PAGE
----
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RE: Layers in the WSA (was RE: [Fwd: UN/CEFACT TMG Releases e-Bus ines s Architecture Technical Specification for Public Review])

From: Burdett, David <david.burdett@commerceone.com>
Date: Fri, 14 Feb 2003 09:56:08 -0800
Message-ID: <C1E0143CD365A445A4417083BF6F42CC053D1744@C1plenaexm07.commerceone.com>
To: "'Dale Moberg'" <dmoberg@cyclonecommerce.com>, Assaf Arkin <arkin@intalio.com>, Duane Nickull <duane@xmlglobal.com>
Cc: "Burdett, David" <david.burdett@commerceone.com>, www-ws-arch@w3.org
Dale, a couple of comments ...

>>>The use of the term "pre-negotiated" is also misleading and contentious
(David).
 
There are ways of using CPAs that involve no negotiation.
CPA templates could present little more restriction on "dynamic" 
collaboration than do URLs (which, as is the case with wsdls, they can
supply).<<<

This is true, but I would call this take it our leave it negotiation, i.e. a
sender has to send the message as defined in the CPA template or it won't
work. As is said in a later email, this is really not fundamentally
different from what WSDL is doing in terms of specifying a set of
information that is used to correctly create and send a message to a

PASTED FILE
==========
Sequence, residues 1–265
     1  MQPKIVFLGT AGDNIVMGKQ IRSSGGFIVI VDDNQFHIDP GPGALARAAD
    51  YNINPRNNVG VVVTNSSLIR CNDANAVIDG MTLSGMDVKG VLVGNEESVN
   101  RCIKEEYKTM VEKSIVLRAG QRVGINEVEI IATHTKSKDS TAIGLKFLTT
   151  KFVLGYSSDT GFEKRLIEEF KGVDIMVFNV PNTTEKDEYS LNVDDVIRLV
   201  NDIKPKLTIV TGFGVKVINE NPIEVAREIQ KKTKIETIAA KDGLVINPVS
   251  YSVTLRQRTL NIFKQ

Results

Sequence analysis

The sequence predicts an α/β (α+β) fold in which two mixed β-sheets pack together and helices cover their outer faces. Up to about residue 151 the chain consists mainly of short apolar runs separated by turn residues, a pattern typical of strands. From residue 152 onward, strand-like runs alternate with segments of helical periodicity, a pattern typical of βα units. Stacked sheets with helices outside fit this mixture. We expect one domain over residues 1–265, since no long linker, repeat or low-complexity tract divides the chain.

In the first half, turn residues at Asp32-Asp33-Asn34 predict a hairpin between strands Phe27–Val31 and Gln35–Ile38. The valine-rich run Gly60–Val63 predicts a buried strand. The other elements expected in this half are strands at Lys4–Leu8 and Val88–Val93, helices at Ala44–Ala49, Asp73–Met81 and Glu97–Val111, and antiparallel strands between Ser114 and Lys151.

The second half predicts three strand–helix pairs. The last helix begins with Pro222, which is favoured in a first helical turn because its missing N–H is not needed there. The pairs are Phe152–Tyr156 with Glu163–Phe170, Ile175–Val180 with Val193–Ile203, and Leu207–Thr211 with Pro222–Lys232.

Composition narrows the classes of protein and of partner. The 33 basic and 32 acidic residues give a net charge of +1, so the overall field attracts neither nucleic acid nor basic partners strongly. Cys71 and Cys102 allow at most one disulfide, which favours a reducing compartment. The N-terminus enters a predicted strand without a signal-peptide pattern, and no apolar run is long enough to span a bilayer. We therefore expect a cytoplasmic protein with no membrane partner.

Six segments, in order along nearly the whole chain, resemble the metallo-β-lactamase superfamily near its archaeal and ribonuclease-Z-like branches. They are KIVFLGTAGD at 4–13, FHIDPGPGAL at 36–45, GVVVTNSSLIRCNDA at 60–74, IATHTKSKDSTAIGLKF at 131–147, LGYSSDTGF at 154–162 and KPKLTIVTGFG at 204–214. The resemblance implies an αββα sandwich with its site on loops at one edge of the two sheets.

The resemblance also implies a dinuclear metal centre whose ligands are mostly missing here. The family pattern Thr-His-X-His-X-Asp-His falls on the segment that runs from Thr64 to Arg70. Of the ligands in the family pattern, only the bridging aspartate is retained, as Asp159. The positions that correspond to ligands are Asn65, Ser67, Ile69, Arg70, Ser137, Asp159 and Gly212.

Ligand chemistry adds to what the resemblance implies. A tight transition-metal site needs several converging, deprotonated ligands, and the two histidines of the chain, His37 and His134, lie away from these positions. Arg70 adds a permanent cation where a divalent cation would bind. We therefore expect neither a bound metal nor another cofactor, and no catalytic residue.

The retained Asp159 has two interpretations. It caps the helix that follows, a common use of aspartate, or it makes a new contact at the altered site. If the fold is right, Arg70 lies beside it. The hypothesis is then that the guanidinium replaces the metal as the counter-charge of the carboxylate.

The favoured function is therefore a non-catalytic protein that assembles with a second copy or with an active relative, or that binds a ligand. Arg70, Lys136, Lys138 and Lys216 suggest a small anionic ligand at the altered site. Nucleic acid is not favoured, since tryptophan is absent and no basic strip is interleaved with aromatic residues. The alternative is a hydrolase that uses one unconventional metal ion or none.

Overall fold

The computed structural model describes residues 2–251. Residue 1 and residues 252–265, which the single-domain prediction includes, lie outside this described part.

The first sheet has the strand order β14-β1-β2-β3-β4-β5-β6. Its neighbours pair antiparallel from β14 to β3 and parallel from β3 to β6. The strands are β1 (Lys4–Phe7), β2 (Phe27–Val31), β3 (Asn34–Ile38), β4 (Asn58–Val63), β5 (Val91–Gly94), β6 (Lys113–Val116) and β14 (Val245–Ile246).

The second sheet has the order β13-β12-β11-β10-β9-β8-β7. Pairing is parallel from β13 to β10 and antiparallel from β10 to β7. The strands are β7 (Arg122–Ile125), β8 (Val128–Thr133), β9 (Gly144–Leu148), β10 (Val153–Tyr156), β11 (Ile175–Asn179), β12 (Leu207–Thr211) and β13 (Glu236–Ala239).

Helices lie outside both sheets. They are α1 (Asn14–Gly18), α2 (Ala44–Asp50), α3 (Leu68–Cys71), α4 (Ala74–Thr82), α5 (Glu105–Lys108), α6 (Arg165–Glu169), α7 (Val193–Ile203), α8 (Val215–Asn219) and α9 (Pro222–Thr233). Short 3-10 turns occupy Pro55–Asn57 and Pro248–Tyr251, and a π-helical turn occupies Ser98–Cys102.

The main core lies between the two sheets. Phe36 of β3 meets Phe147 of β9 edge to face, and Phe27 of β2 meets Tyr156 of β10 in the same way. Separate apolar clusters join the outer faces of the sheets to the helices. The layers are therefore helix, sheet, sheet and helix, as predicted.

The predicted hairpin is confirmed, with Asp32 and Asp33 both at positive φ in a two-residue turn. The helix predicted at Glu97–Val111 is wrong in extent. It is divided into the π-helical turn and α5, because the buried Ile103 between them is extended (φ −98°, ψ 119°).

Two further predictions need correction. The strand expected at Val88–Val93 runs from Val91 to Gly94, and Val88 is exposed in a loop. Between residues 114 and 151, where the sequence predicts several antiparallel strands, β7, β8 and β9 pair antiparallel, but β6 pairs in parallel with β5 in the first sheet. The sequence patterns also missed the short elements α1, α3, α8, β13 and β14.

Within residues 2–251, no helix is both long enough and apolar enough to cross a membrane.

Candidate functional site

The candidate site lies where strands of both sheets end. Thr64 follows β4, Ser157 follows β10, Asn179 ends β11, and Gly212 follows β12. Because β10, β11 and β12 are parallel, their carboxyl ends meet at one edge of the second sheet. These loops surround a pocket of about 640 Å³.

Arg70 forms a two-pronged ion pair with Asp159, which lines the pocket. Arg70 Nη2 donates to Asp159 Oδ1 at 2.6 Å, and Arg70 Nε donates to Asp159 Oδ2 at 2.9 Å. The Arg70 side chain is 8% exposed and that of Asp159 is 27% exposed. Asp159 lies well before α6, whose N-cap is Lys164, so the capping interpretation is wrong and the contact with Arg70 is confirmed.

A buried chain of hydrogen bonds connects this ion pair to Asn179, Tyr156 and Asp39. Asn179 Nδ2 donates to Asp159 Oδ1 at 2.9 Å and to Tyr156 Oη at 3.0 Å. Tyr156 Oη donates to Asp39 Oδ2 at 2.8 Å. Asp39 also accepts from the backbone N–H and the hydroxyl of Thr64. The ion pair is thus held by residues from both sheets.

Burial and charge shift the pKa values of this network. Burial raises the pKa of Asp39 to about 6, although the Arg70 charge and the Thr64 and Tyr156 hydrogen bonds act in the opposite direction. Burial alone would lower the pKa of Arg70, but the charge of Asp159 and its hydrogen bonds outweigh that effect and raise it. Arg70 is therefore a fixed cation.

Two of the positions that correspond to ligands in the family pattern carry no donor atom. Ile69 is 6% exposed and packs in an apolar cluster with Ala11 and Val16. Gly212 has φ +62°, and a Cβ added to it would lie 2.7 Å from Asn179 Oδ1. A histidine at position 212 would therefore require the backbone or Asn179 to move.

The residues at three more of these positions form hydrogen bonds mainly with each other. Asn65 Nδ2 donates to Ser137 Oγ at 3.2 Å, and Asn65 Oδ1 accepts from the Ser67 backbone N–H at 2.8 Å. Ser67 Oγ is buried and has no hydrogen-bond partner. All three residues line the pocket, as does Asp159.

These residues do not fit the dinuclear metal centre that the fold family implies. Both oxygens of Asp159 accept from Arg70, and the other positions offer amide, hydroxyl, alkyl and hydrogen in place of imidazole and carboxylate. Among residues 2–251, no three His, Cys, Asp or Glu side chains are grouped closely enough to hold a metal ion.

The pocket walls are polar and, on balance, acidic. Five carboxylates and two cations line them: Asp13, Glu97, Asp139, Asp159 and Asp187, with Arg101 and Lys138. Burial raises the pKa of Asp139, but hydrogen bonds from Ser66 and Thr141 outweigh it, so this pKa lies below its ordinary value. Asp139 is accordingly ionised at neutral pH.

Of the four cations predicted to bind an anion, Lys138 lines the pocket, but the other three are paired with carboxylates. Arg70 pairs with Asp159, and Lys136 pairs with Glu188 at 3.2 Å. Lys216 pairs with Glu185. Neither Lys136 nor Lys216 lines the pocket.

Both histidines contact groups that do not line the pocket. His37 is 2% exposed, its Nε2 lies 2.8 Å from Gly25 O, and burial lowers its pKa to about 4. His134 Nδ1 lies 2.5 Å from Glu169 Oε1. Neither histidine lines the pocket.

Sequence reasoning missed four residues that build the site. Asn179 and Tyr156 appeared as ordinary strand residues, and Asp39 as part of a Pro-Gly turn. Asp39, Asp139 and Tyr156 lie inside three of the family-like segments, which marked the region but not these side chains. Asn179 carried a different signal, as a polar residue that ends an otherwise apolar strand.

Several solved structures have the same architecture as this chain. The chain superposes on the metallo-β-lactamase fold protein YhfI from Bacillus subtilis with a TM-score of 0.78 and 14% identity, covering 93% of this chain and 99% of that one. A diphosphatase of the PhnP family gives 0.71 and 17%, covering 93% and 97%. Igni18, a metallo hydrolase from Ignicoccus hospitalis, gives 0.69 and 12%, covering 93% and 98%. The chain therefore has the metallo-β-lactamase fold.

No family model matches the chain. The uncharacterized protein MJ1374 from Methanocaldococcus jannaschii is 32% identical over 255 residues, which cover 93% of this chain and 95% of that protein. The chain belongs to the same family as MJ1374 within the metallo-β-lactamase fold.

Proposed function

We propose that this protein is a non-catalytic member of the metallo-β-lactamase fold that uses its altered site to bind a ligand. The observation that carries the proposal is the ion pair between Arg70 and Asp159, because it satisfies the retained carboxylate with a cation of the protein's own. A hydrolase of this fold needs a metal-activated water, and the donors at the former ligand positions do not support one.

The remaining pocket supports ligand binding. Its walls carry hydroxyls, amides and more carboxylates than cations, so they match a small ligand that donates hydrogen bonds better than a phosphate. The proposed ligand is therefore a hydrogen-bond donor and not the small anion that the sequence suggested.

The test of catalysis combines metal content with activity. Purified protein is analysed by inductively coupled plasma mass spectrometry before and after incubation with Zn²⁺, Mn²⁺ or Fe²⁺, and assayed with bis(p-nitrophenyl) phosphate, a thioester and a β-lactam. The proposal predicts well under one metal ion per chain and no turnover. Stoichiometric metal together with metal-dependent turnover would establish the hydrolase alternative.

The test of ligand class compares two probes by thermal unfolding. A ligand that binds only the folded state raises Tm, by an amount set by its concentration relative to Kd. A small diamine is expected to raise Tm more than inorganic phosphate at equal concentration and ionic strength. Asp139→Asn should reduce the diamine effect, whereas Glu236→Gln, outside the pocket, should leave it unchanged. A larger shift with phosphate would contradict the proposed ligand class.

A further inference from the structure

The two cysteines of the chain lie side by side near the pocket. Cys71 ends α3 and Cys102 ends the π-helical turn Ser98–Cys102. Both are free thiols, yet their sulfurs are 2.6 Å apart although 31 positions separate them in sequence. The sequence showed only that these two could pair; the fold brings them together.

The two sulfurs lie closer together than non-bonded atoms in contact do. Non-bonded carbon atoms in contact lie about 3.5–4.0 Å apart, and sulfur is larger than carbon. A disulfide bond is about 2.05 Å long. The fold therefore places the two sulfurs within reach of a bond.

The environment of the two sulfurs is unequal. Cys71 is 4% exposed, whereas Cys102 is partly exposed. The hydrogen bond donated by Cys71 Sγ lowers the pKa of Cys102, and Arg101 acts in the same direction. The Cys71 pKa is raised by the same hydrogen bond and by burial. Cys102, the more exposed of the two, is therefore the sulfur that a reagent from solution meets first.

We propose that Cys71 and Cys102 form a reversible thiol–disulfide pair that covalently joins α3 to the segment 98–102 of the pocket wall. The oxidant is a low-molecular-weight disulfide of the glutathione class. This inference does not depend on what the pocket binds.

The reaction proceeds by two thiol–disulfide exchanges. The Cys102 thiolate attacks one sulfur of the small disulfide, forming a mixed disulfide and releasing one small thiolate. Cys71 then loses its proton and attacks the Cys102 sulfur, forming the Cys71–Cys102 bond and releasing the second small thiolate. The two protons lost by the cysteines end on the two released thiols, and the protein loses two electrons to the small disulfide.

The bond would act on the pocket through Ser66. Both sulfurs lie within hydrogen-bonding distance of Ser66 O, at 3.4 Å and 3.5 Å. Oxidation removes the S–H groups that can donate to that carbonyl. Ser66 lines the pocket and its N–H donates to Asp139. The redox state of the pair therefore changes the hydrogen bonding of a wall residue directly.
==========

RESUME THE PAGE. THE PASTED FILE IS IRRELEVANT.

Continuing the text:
service.

David


-----Original Message-----
From: Dale Moberg [mailto:dmoberg@cyclonecommerce.com]
Sent: Thursday, February 13, 2003 7:55 PM
To: Assaf Arkin; Duane Nickull
Cc: Burdett, David; www-ws-arch@w3.org
Subject: RE: Layers in the WSA (was RE: [Fwd: UN/CEFACT TMG Releases
e-Bus ines s Architecture Technical Specification for Public Review])


Just a bit of corrected information here before objections wander off
into the wilderness.

I do not recall Duane's use case for CPAId being discussed within the
CPPA group. Not the reason for these techniques being developed at all,
IMO.

CPAId, along with other metadata in the SOAP ebXML header, could be 
used in looking up the "service" agreements governing collaborations of
participants. This can be done when generating, checking, or processing
the message.

The use of the term "pre-negotiated" is also misleading and contentious
(David).
 
There are ways of using CPAs that involve no negotiation.
CPA templates could present little more restriction on "dynamic" 
collaboration than do URLs (which, as is the case with wsdls, they can
supply).

However, it would be silly to use CPAs if all you needed was a URL--too